While beneficiaries can potentially receive a partial payment before the 120-day notification period is up, it involves risks and should be approached with caution and legal guidance. Waivers can be used but must be carefully drafted to protect the interests of all parties involved.
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Q. If a person is the successor trustee of a trust that was written by said person who also is sole beneficiary. Takes pape
A: It appears you are describing a situation involving a trust and a successor trustee, who also happens to be the sole beneficiary. Here are some pointers:

Trustee's Job: The person who took over the trust (the successor trustee) has to do what's best for the person who made the trust (the beneficiary). If they don't, they might be breaking the rules of being a trustee.

Understanding and Agreement: If the person who made the trust was in a nursing home and maybe didn't understand what they were signing, then what they signed might not be valid.

Pressure and Elder Abuse: The situation sounds like the trustee might have unfairly influenced or taken advantage of the person in the nursing home, especially if they made decisions that were good for them but not for the person who made the trust.

Your Part: If you were promised money by the person who passed away and you helped take care of them, you might have some rights. But promises that were just spoken can be hard to prove.

Taking Action: If you think the trustee did something wrong, like not managing the trust right or pressuring the person who made the trust, you might be able to challenge what they did. This could mean going to court.

Get Legal Help: This situation is complicated, so it's important to talk to a lawyer who knows about trusts and estates. They can look at everything that happened and tell you what you can do.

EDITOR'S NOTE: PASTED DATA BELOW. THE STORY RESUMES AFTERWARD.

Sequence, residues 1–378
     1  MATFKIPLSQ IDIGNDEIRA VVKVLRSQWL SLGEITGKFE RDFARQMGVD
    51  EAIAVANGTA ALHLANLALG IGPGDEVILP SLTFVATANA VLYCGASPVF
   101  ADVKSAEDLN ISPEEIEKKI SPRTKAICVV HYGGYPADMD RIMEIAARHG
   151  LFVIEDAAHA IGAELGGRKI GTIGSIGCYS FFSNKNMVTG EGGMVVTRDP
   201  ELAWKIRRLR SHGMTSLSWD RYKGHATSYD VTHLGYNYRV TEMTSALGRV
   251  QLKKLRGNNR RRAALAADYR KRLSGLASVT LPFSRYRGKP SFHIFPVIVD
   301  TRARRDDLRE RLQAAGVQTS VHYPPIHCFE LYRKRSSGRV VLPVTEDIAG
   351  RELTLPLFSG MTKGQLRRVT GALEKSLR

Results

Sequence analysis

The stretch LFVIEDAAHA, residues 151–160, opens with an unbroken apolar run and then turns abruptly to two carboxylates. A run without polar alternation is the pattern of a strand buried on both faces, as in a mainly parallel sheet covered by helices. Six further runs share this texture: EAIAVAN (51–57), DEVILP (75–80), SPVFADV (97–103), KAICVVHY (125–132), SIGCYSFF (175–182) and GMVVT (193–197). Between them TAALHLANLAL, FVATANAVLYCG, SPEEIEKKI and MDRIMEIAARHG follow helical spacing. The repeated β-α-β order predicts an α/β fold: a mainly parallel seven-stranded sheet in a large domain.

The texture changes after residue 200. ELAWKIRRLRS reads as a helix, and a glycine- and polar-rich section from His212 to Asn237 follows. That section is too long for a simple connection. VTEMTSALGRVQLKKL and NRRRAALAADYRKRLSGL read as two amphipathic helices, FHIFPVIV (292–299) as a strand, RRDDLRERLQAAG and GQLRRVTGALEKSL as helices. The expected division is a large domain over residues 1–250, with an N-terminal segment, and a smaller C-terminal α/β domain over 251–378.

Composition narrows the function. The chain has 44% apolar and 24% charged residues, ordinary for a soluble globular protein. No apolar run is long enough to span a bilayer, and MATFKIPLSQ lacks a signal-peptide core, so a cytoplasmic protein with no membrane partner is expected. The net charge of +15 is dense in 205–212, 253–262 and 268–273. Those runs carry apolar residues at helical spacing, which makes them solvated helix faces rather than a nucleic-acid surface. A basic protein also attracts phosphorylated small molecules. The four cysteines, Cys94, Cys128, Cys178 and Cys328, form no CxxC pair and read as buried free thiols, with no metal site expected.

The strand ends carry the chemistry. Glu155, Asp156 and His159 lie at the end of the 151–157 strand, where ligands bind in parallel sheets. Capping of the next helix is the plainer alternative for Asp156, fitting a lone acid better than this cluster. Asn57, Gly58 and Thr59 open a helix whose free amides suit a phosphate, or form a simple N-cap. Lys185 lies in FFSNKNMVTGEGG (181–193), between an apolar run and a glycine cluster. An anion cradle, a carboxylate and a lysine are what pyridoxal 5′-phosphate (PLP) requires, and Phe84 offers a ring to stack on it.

Every trust and estate situation is different, and the details really matter. A lawyer can help you understand your rights and what steps you can take next.
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Q. I just sold my late father's house which was in a trust so the proceeds went to the trust. What are the tax implications
A: The tax implications of selling a house that was held in a trust can be complex and depend on various factors, including the type of trust, the terms of the trust, and the tax laws applicable to the trust and the beneficiaries. Generally, if the trust is a non-grantor trust, the trust itself may be responsible for paying capital gains tax on the sale of the property. The capital gains tax would be calculated based on the difference between the selling price and the original purchase price or the adjusted basis of the property.

Once the trust has paid any applicable taxes, the remaining proceeds can be distributed to the beneficiaries according to the terms of the trust. As beneficiaries, you and your brother would typically not pay taxes again on the proceeds received as a distribution from the trust, as the trust would have already accounted for the capital gains tax. However, if the distribution from the trust is considered income to the beneficiaries, then there may be income tax implications for you and your brother individually.

It's important to consult with a tax professional or an estate attorney who can provide advice based on the specific details of your father's trust and the current tax laws. They can help determine the tax responsibilities of the trust and any potential tax liabilities for you and your brother as beneficiaries.
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Contact & Map
Wealth Care Lawyer - Klaus Gottlieb, Esq. - Estate Planning
1008 Palm Street
San Luis Obispo, CA 93401
Telephone: (805) 703-2282
Monday: 9 AM - 5:30 PM
Tuesday: 9 AM - 5:30 PM (Today)
Wednesday: 9 AM - 5:30 PM
Thursday: 9 AM - 5:30 PM
Friday: 9 AM - 5:30 PM
Saturday: Closed
Sunday: Closed
Notice: A 2-min walk from the Parking Garage on 919 Palm St
Wealth Care Lawyer - Klaus Gottlieb, Esq. - Estate Planning
871 N Ocean Ave
Cayucos, CA 93430
Telephone: (805) 703-2282
Monday: 9 AM - 5:30 PM
Tuesday: 9 AM - 5:30 PM (Today)
Wednesday: 9 AM - 5:30 PM
Thursday: 9 AM - 5:30 PM
Friday: 9 AM - 5:30 PM
Saturday: Closed
Sunday: Closed